The Apocalypse, or Book of Revelation, is not only the last Book of the New Testament, but its most difficult, puzzling, and terrifying. It provided challenges to medieval illustrators and was the source for a number of popular images, such as Christ in Majesty, the Adoration of the Lamb, and the Madonna of the Apocalypse and contributed to the widespread use of the Evangelists' symbols.
Selected images from Apocalypse Then: Medieval Illuminations from the Morgan, an exhibition held at the Morgan are presented here. The exhibition celebrates the completion of a facsimile of the Morgan's Las Huelgas Apocalypse—the latest dated (1220) and largest surviving manuscript of a Spanish tradition of illuminated commentaries on the Apocalypse by the monk Beatus of Liébana. The series of manuscripts constitutes Spain's most important contribution to medieval manuscript illumination.
The Las Huelgas Apocalypse contains three sections: the prefatory cycle, the Apocalypse, and the Book of Daniel.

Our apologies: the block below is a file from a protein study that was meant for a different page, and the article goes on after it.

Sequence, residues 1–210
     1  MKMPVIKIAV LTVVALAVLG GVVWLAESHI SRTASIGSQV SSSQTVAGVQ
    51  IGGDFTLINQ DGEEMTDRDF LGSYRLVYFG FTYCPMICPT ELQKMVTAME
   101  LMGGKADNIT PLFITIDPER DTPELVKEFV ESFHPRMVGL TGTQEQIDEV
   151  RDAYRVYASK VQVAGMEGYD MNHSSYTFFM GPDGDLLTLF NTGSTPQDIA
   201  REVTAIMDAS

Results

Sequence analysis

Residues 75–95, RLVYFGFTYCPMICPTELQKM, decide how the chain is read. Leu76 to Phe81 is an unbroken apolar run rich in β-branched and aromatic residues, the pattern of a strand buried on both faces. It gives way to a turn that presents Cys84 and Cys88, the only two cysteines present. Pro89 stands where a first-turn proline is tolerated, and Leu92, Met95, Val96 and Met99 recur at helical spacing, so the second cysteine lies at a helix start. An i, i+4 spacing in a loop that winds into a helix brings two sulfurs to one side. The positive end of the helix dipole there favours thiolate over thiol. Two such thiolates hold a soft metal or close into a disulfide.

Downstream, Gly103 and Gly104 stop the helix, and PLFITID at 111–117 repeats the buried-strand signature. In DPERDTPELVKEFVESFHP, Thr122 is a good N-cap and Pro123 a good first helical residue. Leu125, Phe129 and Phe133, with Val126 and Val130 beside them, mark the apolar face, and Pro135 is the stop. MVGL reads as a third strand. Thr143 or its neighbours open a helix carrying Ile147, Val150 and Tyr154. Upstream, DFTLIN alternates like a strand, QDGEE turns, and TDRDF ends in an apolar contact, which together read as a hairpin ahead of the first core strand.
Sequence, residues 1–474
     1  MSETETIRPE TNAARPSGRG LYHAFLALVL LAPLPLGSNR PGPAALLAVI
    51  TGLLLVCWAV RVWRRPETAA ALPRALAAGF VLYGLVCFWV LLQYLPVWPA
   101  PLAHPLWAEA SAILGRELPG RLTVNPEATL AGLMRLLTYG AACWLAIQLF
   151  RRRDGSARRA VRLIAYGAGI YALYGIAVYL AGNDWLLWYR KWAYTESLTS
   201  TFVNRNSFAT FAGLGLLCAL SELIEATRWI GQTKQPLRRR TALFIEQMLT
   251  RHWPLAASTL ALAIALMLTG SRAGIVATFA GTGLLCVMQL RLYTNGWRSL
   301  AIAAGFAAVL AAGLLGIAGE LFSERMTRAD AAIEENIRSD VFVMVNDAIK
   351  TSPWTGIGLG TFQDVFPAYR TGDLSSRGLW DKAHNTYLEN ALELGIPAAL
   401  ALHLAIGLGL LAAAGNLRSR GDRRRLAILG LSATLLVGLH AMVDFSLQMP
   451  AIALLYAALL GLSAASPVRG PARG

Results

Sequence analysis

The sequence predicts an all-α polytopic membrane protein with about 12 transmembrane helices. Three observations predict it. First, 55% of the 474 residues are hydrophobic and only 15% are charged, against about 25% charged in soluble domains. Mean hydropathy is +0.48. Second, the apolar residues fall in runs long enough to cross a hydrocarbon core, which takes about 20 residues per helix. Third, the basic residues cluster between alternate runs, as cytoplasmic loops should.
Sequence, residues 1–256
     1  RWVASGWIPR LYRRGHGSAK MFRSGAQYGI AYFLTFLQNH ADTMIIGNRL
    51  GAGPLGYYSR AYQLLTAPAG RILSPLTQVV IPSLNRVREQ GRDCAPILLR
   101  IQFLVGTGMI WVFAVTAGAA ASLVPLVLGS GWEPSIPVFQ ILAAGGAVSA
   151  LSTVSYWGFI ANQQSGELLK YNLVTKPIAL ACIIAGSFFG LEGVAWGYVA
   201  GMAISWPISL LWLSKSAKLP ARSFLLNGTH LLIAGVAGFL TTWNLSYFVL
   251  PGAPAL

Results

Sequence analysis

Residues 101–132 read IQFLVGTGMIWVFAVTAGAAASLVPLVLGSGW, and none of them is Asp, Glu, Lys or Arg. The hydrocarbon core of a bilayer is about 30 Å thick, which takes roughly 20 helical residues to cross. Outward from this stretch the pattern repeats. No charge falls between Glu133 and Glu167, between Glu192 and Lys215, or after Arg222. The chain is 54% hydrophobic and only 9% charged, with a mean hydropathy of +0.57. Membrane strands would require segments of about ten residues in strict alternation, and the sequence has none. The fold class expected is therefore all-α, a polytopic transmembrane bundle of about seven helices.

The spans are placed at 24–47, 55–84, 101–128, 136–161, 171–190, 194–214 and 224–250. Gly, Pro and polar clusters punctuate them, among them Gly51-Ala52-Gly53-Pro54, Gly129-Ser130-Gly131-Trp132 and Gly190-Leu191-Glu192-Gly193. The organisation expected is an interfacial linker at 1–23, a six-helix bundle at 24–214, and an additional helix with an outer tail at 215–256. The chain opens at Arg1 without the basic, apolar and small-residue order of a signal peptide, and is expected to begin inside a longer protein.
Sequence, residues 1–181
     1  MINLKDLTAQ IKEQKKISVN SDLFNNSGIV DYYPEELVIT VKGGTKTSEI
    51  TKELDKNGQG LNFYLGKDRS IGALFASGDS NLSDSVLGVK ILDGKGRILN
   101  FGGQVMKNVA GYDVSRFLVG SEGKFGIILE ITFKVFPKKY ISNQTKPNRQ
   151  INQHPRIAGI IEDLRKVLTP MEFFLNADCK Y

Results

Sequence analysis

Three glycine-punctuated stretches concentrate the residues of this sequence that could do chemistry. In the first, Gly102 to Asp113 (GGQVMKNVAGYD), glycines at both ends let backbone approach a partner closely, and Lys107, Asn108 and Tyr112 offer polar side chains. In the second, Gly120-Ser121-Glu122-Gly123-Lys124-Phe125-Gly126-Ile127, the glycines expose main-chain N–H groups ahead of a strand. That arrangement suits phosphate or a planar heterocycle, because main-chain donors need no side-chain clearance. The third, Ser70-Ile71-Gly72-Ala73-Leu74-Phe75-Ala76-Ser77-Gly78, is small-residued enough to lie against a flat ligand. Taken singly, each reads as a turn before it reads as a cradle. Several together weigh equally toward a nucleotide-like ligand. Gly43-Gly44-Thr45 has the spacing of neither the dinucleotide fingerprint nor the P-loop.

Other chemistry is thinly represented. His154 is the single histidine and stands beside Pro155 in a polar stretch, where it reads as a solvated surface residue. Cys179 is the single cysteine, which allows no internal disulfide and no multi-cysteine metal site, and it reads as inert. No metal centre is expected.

In addition to forty-nine images from the Las Huelgas Apocalypse, six images from other manuscripts in the Morgan's collections, including the earliest Beatus painted by Maius and one by the Master of the Berry Apocalypse, are in this presentation.
Last Judgment (Rev.: 20:11–15)
Christ the Judge sits at the top in a mandorla supported by two angels. Below, in three registers, are six pairs of seated saints (probably apostles), each pair with a saint standing behind. These bless the elect, represented by groups of nimbed saints. The registers at right contain the damned. The men at the top clasping hands are those damned together; below, men suffer individually; at bottom, the damned are tortured in a lake of fire with ovenlike walls. Maius tells us that he made this book so that the "wise may fear the coming of the future judgment of the world's end." The use of bands of color and miniatures extending over two pages represent Maius's contribution to the Beatus tradition.
These pages are from one of the earliest surviving illuminated manuscripts in the Spanish tradition. Written and illuminated by Maius (ca. 945) in the famous tower scriptorium of the monastery of San Salvador de Tabara, it is the most important Spanish illuminated manuscript in the United States.